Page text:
AMD has really managed to deliver a home run with the two Zen 2 processors that we have looked at so far. AMD looked to be left in the dust just several years ago, but Ryzen and the Zen architecture showed that you can never ever dismiss AMD. AMD has been steadily improving IPC and adding cores to their processors since Ryzen first came to market and they have managed to be competitive with Intel once again. In fact, AMD has actually passed up Intel when it comes to platform features as the new AMD AM4 boards with the X570 chipset now offer support for the PCI Express 4.0 interface.
Seeing AMD single-thread performance roughly on-par with Intel’s Core i9-9900K ‘Coffee Lake’ processor is pretty wild and it is one of the reasons that AMD pricing is comparable to Intel. AMD no longer needs to be priced below Intel as they can now compete at pretty much any price point thanks to the new Zen 2 core used on the Ryzen 3000 series. Our testing also showed that the Ryzen 7 3700X ($329) was performing better than the Intel Core i9-9900K ($499) in applications like Blender and KeyShot. So, AMD might still be the value play in certain areas. It all comes down to what workloads you use the most, but AMD is either going to be leading or right there with the Core i9-9900K in most cases. It now makes sense why Intel announced at Computex 2019 that they would be releasing a 5 GHz all-core clocked Intel Core i9-9900KS processor later this year. Intel needs something more powerful to help compete across the board, but they need to add some more cores in addition to higher clock speeds!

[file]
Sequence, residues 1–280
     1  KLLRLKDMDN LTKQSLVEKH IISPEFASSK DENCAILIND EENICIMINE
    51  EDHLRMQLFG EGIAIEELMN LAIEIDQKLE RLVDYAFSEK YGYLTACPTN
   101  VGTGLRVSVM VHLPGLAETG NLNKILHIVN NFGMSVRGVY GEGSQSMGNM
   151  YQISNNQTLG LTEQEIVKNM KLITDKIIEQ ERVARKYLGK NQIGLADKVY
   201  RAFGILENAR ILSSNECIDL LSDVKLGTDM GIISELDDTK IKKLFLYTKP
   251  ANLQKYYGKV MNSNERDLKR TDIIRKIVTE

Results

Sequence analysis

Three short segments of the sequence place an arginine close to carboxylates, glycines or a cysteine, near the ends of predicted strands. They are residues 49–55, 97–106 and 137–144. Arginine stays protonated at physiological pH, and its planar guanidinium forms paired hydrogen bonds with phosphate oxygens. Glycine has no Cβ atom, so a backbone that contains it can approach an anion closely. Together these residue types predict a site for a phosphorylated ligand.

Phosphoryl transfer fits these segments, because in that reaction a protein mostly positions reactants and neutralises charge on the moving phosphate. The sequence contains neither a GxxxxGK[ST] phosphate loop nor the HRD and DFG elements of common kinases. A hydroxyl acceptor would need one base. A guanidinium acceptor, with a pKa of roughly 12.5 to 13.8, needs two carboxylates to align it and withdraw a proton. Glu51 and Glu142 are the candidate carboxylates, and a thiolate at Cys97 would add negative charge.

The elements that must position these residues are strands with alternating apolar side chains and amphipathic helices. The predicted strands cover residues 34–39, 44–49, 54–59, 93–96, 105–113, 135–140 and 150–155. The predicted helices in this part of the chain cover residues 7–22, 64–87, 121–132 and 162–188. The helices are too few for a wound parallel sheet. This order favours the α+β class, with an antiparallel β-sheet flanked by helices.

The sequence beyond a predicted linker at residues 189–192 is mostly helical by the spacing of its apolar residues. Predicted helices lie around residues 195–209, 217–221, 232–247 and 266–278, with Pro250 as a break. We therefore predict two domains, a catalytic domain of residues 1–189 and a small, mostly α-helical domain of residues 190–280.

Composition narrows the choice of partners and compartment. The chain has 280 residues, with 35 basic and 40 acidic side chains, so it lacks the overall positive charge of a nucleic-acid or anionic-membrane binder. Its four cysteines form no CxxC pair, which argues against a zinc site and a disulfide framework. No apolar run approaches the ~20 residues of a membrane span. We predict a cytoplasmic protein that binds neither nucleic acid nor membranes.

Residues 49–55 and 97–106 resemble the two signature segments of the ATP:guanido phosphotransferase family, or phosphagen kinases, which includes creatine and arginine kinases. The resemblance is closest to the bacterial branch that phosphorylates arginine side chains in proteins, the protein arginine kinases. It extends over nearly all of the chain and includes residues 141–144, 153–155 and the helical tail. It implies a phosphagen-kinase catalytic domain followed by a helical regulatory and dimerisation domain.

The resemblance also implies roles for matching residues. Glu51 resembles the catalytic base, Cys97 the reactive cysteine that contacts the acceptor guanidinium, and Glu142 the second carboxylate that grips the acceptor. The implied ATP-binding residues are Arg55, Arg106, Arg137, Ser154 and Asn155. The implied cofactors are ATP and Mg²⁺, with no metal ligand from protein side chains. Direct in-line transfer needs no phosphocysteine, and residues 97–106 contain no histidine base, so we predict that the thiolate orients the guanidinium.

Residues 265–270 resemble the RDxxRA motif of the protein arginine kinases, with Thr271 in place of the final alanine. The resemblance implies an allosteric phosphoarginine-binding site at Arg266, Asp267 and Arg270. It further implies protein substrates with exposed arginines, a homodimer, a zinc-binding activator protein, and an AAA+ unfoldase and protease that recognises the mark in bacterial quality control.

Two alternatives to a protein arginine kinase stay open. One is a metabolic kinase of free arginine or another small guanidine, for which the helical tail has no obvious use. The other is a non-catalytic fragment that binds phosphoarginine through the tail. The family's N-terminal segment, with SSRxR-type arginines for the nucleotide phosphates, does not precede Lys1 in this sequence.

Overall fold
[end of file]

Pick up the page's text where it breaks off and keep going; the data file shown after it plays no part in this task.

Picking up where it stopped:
After using AMD’s Zen 2-based Ryzen 3000 series processors you can say we are extremely impressed by the level of performance that they bring to the table. AMD has been a disruptive force in the CPU market since introducing Ryzen in 2017 and shows no sign of slowing down here in 2019. Intel appears to have been able to retain its PC gaming advantage for the time being and that is something they have been clinging onto for some time now. For pretty much everything else AMD has been able to out perform or match Intel.
It will be interesting to see how the 7nm AMD Ryzen 3000 series processor perform against Intel’s 10nm desktop processors. The good news for AMD and the bad news for Intel is that doesn’t look like it’s going to happen until 2020. That gives AMD about half a year to get ready and then next year we’ll likely have the Ryzen 4000 series with a refined Zen 2 core. After seeing what AMD has done with the Ryzen 3000 series, and we look forward to seeing what AMD does with Zen 2 in Threadripper later this year. Times are good for AMD, but we all know that Intel is paying close attention now that the CPU battle has heated up once again!